David Hegg: Nurturing a satisfying marriage
David W. Hegg
By David W. Hegg
Tuesday, August 22nd, 2017

Saturday marks the 40th anniversary of the day my wife and I pledged our love and lives to one another. And honestly, it hasn’t been hard to enjoy the journey we began so long ago.

Companionship has been easy for us, largely based on an intentional investment in compatibility neither of us has ever sought with another person. Yes, we have great friends, and wonderful children and grandchildren. But if you ask us where our truest delight lies, we’ll tell you it’s anywhere we’re together.

There are no secrets to making marriage a continual source of happiness. It is first being a person of integrity with a well-defined set of ethical convictions and standards.

Second, marry a person with whom you share the same convictions, standards, and a commitment to invest in your marriage through good times and bad.

Third, live out your married life considering your spouse’s well-being to be more important than your own. Simply put, be ready, be resolute, and be selfless.

Here are four areas we’ve found to be essential in our marriage.

Acceptance: Foundational to any relationship is a commitment to accept one another despite the changes that may come over time. If you were to ask my wife the most important mark of acceptance, she would tell you it is kindness. Being kind to another person is how you show you accept that person with all his or her foibles, with all the changes that come to the mind and body over time, and with all the challenges life throws at us.

Acceptance also means fundamental respect. It is displayed in listening to what someone has to say, to giving that individual space where needed, to encouraging the person’s dreams and ideas, and consistently making your heart a safe place for all your loved one is.

Affection: The flower of marital companionship is fertilized by affection. And while sexual intimacy may be one of the blooms, affection is much more than sex. It comes in morning hugs, unexpected compliments, words of consolation and encouragement, acts of random kindness, and in myriad other forms.

Affection is the desire to express your acceptance of your spouse in large and small ways. Affection is what keeps marriage fresh, and fun.

Provision: Marriage is all about providing what my spouse needs, be it physical, emotional, intellectual or spiritual. It is providing both companionship and space, beauty and practicality, direction and freedom, and a whole host of other elements that make life an ever-expanding adventure. Marriage works when both husband and wife have a passion to make one another satisfied, happy, comfortable and content.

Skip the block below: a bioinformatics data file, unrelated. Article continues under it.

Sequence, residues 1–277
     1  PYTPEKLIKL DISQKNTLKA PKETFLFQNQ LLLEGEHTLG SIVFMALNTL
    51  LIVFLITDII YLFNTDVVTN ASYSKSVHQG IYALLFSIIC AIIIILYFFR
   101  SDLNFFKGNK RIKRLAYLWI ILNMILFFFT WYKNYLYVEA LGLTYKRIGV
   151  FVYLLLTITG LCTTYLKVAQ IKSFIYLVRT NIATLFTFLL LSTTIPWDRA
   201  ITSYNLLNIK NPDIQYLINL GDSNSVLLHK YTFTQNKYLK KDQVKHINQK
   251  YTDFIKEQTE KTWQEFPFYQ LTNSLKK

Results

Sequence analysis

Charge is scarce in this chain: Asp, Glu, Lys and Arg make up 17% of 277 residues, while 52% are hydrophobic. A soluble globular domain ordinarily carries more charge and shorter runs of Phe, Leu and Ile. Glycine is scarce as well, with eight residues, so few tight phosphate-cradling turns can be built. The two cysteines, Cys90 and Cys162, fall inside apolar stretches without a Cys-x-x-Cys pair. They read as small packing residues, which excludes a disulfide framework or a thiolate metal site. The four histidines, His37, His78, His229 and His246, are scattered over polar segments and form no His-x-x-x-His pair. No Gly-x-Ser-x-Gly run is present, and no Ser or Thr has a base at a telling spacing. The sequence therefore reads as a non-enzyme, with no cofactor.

Protection: Sadly, our society is waging a subtle and silent war on marriage. It has been so poorly done by so many for so long that marriage itself has taken on a bad reputation.

It is seen by too many as either a dangerous, life-sucking trap, or an antiquated institution that is no longer useful. Ironically, while some are fighting for their right to marry, most are abandoning it. Either way, marriage as an immensely beneficial enterprise for strengthening society is in trouble.

Marriage needs to be protected, but the battle must be waged inside every individual marriage. If you want your marriage to thrive, you must protect it. Protect it from your own selfishness. Nothing will cause the flower of your relationship to shrivel like the worm of selfishness. Too many consider that “the two become one, and I’m the one!”

We must also protect our marriages from the toxins of busyness and all forms of outside competition. We can become so invested in careers, hobbies, and even children that we fail to invest in our spousal relationship.

But careers can bust, hobbies will wane, and children grow up and leave the home. Then what? Only what you’ve carefully strengthened and grown as a marriage will await you. Protect it now, and you’ll have something that can make the final half of life both thrilling and satisfying.

Years ago, when my wife was asked about our marriage and what she thought made it work, she replied, “Well, you have to realize I got him as a puppy, and over time he’s turned out pretty good.”

Of course, there were howls of laughter as I sat there with admiration for her wit. But the point is this. We start marriage almost completely uninformed and unprepared for what’s ahead.

But with commitment, affection, and consistent investment in our spouse, we can make marriage what God intended it to be.

David Hegg is senior pastor of Grace Baptist Church and a Santa Clarita resident. “Ethically Speaking” runs Saturdays in The Signal.